I think the main reason we don’t yet have a public accountability doctrine is that not having one gives the executive branch maximum freedom in conducting foreign policy. In my view, since the rise of special forces operations in the 1980’s under Reagan, all US presidents in both parties have continued to prize this executive freedom above the impact of their decisions on global security. That is their perogative, but we are also free to judge them for it. In my view, such freedom comes at an increasingly unjustifiable cost. Not having such a doctrine makes acts of state aggression significantly more prevalent than they need to be.
I think it will become harder every year to deny the wisdom of an accountability doctrine. In an age of advanced intelligence, automation, mass communication, and precision warfare and detection capacity, individuals can now be easily found and held responsible. Bad leaders, despised by a good fraction of their own public, as in many autocracies, cannot hide from citizens incentivized by bounties to find and report them, once we’ve gone in and established control of a country. Even when we offer them from our embassies, these policies have some effect, as in our State Department’s Rewards for Justice program (picture right). With modern military transport we can also rapidly create defensible zones of occupation and operations in any country. We don’t have autonomous security robots yet, robots that can hunt down, and nonlethally capture individual perpetrators of crimes, but they are coming. I think surgical responses, and personal accountability of leaders, are a clearly desirable choice in modern warfare. At some point, our executive branch will be pressured by leaders in the legislature or the public into constructing such a doctrine, and the world will become a safer place.
Pragmatic leaders might gauge sentiment on each engagement beforehand, if they felt that were a necessary precondition of enforcement of the doctrine, in any particular case. We might go after some leaders a few years after their crimes, once our national mood allowed our next intervention, but that wouldn’t weaken the deterrent effect of the doctrine itself. As our effectiveness in leader removal grew, we’d add more conditions to doctrine, to keep our number of engagements on par with our growing defensive abilities, in a world of ever-smarter warbots and intelligence. In each case of leader removal, we would need plenty of boots on the ground to stabilize the country, hold elections, and to do very time-limited infastructure development and nationbuilding, with clear exit dates. We’d also need our leaders to fully embrace the changing role of our military in the modern world, a role that now includes safety, humanitarian actions, environmental sustainability and limited infrastructure development and nationbuilding. But I think these new roles for our defense establishment are becoming increasingly mandated anyway. They are where the trendlines are taking us.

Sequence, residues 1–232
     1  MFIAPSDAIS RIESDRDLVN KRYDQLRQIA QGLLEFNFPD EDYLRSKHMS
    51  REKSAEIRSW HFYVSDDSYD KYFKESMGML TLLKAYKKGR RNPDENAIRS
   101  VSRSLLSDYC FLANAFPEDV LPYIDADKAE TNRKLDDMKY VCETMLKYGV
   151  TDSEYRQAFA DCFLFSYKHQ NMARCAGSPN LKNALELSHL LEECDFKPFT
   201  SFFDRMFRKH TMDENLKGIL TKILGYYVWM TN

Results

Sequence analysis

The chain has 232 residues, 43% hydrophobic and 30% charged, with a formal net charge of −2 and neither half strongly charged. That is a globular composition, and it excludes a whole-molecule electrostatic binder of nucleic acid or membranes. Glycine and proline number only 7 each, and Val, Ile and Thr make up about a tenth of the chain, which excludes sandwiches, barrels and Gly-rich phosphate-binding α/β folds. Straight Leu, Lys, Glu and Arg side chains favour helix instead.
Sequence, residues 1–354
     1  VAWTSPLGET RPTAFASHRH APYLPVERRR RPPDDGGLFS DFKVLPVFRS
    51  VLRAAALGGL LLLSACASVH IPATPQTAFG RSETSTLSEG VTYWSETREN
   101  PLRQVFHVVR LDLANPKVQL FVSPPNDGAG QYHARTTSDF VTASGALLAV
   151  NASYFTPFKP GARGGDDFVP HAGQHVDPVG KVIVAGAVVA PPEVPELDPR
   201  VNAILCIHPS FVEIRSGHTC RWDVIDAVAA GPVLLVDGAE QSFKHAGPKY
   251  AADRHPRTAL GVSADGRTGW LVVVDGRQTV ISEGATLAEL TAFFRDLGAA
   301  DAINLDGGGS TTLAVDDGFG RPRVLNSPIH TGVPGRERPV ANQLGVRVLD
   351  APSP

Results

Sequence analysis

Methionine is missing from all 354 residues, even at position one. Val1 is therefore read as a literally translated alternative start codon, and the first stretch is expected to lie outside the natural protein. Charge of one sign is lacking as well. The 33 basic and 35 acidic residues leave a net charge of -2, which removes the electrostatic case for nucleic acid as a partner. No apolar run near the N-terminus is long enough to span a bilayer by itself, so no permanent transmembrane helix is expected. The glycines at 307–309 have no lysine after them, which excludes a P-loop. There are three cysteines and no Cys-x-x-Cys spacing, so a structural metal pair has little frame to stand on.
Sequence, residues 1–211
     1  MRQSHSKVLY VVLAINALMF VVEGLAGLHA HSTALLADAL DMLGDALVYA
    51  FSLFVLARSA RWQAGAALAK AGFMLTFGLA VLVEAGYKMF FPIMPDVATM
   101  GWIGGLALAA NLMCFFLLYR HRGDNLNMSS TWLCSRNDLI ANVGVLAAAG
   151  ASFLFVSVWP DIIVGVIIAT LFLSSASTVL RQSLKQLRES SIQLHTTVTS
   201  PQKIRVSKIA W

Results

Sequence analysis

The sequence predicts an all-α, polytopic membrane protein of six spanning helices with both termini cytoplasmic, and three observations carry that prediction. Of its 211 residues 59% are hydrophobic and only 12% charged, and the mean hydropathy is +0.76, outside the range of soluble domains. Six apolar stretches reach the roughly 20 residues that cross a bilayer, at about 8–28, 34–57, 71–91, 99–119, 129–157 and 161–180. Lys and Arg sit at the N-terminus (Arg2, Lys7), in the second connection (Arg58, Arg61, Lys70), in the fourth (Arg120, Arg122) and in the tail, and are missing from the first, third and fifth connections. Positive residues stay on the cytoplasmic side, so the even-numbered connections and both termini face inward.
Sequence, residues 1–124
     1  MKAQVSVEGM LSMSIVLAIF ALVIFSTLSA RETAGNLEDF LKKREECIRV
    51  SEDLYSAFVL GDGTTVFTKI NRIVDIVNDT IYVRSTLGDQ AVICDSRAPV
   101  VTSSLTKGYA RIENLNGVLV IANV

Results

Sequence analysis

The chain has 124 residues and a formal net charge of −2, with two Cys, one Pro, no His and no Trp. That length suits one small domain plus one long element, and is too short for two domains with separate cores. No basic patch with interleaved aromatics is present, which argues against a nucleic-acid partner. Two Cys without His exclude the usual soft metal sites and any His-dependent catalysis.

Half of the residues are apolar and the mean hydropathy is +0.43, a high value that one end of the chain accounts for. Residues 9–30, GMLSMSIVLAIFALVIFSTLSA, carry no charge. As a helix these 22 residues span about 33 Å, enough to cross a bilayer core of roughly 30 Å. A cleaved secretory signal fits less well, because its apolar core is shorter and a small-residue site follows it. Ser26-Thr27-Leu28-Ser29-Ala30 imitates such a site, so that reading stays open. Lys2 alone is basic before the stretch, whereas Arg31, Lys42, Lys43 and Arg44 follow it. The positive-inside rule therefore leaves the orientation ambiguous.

Some might argue that an accountability doctrine would reduce the need for a large US military, but I would disagree. Used wisely, such a doctrine would maintain or grow the global role of the US defense establishment over the next two generations. Safety doesn’t come cheap. There are many aggressive and violent regimes worth removing and sanctioning in the world, and a red line for armed invasion, removal of leadership, limited development, and staging of elections would place new demands on the US and allied military forces, even as each engagement would typically be concluded on a faster timetable than traditional warfare. An accountability doctrine, if it included ethnic cleansing and genocide conditions, would have dictated our involvement not only in Bosnia and Rwanda and Somalia, but in a handful of other African and Asian countries since 1991. I think many Americans would have gladly supported such interventions, especially after our rapid success in and exit from Iraq in 1991. An accountability doctrine in Gulf War I would have been a lot less expensive and more effective than US $3 trillion we’ll end up spending in Gulf War II, after disability benefits are factored in. Even Putin’s Crimea annexation in 2014 likely would never have happened.
In this political counterfactual, this is the alternative global future that we missed.
Finally, if we combine an accountability doctrine with an Autonomy Doctrine, I believe we could have made our other major war in Afghanistan, and many of our future wars, a lot less expensive and more effective as well. I am hopeful that in a more evidence-based political world, our smart agents will advise us to require our leaders to implement a clear set of accountability and autonomy doctrines in US foreign policy in coming decades. Foresight matters!